From the moment she opens her mouth in the first scene of Heisenberg, Simon Stephens’ new play at the Manhattan Theatre Club, Mary-Louise Parker lights an unquenchable fire that blazes through the play’s brief run-time. Her portrayal of Georgie, a 42-year-old woman flailing at a moment of crisis, is manic and exhausting, but grounded in the voice and features of a human being and not a stage caricature. A pro at detached, deadpan roles, Parker here uses her limbs, every muscle in her face, and the full range of her vocal chords to bring Georgie’s anguish bursting through the surface. The result is thrilling; Parker suffuses the text with empathy and pathos.
And what text it is. It is no coincidence that such a performance is born of a role written with such inhabitable nooks and crannies. Stephens has crafted a character damaged and emotionally wrought, but he avoids passivity. Georgie is able to embrace her autonomy regardless of her emotional wounds.
Listen to the play’s final exchange – she craves control and agency and values the ability to dictate where her life goes. Georgie does not play the victim of her circumstances.
I’m being vague, only to preserve the thrill of discovering this play as it unfolds. Heisenberg begins in a train station shortly after Georgie plants a kiss on the neck of a stranger. This stranger is Alex Priest (Denis Arndt), a 75-year-old Irish butcher transplanted to London. It’s somewhat of a meet-cute, but Alex is resistant because of the age difference and his reserved personality is at odds with Georgie’s blunt way of expressing herself. Georgie arrives at Alex’s shop five days later and reveals that almost everything she told him was a lie. With this admission, what once was a woman who seemed a little quirky and strange (nothing we haven’t seen in a romantic comedy before) becomes someone much more complex. Stephens sets up a lighthearted May-December romance in the first scene and turns this on its head as Georgie reveals more and more of herself to Alex. Georgie’s lies unsettle and pain Alex, just as he was beginning to trust and open himself to her.
Arndt plays Alex with a quiet dignity and a deep spiritual well. Alex communicates with a sister who died when he was young, listens to music for “the spaces between the notes,” and admits that he sometimes cries for no reason at all. Where Georgie is light, Alex is heavy.
There is a false dichotomy that exists in the discussion of plays like this where one role is “showy” and one role is not, leaving some to believe the less verbal role is not as interesting or dynamic. Arndt is an excellent example of this opinion holding no water; his portrayal is, like Alex’s love of music, more about the spaces between his words than the actual words themselves. When Stephens does give Alex some extended moments to speak, Arndt imbues them with an unadorned honesty that allows us into the center of this person.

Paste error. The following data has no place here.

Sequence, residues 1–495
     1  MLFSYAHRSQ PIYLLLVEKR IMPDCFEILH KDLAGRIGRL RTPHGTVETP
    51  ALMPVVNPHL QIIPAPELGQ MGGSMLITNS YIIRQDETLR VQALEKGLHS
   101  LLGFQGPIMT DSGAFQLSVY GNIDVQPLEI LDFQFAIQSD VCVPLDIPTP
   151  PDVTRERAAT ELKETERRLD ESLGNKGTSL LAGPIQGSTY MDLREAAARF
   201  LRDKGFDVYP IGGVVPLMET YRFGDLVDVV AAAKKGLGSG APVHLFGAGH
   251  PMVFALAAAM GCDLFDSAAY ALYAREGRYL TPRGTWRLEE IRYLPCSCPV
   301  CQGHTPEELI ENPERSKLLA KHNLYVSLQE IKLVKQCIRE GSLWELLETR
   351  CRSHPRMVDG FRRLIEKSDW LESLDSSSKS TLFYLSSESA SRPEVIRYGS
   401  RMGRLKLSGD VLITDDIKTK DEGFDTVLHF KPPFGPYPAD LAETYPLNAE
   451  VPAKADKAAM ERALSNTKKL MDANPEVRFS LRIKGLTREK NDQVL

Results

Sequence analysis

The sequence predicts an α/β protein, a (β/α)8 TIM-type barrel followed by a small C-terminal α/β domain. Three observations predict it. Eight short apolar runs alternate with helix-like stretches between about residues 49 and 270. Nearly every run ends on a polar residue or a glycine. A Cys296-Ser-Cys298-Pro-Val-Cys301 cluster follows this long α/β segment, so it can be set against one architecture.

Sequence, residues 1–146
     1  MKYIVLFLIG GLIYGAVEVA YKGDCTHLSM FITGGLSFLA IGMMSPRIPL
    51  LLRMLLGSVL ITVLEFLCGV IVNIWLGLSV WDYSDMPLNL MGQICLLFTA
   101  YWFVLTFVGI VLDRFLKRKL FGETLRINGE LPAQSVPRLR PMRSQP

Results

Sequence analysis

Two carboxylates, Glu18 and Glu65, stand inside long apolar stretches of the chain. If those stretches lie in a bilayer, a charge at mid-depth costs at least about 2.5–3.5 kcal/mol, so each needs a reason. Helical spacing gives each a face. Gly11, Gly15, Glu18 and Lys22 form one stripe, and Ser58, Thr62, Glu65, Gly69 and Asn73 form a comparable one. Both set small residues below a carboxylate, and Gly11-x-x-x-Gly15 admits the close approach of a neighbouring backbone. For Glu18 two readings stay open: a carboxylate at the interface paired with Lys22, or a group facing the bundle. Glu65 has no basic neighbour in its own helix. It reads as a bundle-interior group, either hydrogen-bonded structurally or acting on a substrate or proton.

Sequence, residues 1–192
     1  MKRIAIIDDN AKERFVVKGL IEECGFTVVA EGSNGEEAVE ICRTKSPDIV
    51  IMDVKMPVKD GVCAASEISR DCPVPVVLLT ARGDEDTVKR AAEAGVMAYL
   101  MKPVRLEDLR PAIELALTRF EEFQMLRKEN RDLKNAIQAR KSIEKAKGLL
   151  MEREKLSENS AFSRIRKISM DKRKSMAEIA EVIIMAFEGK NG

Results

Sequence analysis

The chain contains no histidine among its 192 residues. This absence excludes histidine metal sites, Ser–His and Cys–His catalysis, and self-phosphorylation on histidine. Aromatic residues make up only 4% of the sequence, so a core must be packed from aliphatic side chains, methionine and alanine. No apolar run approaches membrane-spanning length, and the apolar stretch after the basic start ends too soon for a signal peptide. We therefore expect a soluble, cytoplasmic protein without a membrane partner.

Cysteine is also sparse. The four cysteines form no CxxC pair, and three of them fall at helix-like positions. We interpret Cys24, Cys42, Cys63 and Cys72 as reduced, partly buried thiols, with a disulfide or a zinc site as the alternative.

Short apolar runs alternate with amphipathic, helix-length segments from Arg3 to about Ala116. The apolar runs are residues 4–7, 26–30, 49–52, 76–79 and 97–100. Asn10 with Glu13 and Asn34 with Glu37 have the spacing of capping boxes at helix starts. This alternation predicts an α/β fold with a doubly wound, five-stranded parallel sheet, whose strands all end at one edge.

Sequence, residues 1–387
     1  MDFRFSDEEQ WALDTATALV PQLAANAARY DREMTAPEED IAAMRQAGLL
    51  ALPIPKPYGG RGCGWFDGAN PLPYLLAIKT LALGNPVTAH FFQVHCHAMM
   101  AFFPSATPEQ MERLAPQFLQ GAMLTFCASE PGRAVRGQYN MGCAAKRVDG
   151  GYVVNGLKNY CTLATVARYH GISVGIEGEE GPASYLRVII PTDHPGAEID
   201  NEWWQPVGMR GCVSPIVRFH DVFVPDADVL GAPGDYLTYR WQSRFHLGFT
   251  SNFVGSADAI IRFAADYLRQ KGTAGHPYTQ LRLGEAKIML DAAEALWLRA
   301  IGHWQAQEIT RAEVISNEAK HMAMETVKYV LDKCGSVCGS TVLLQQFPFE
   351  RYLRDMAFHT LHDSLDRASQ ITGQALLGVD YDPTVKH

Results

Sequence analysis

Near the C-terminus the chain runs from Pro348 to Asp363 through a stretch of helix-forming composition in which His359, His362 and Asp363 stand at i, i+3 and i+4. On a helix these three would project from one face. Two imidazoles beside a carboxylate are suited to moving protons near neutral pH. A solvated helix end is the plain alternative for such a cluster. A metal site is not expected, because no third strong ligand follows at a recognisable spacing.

As in the off-Broadway run last year, Mark Brokaw’s production of Heisenberg places the actors in a small strip of playing space flanked by two seating sections that face each other. Taking the audience from one unified mass in the proscenium theatre and splitting them in this traverse staging creates an opposition, much like that which occurs in the play. The audience becomes two bodies, two characters pushing against each other, paralleling the tensions created by Stephens. In its Broadway transfer, Heisenberg retains the feeling it had in the tiny underground theatre in which it began its American life. But it has adjusted to its larger digs and grown into an even richer production than it was before. The actual playing space is similar in size, but the new vastness above and around the characters emphasizes their isolated loneliness and their disparity from the larger world.
The stage is almost entirely bare. There are a couple of tables and chairs. Parker has a handbag she throws to the ground. She nibbles on a chocolate bar and eats a portable rice pudding. The scarcity of their surroundings makes every action the two characters perform stand out in stark contrast. Parker removes her shoes in one scene transition and, later, during the scene, Arndt gently picks them up and puts them on a chair. This seemingly inconsequential act becomes an event and informs his character. The play is filled with light touches like this, but most importantly, the staging and design give the actors space and room to breathe. Though Georgie speaks at a rapid clip, the play does not travel in this rhythm; every one of its 80 minutes feels warranted and necessary.
Pushed along and anchored by Parker and Arndt, respectively, this two-hander is unlike many plays seen on Broadway. Its focus is squared tightly, telling a small story in rich detail with vivid, memorable performances.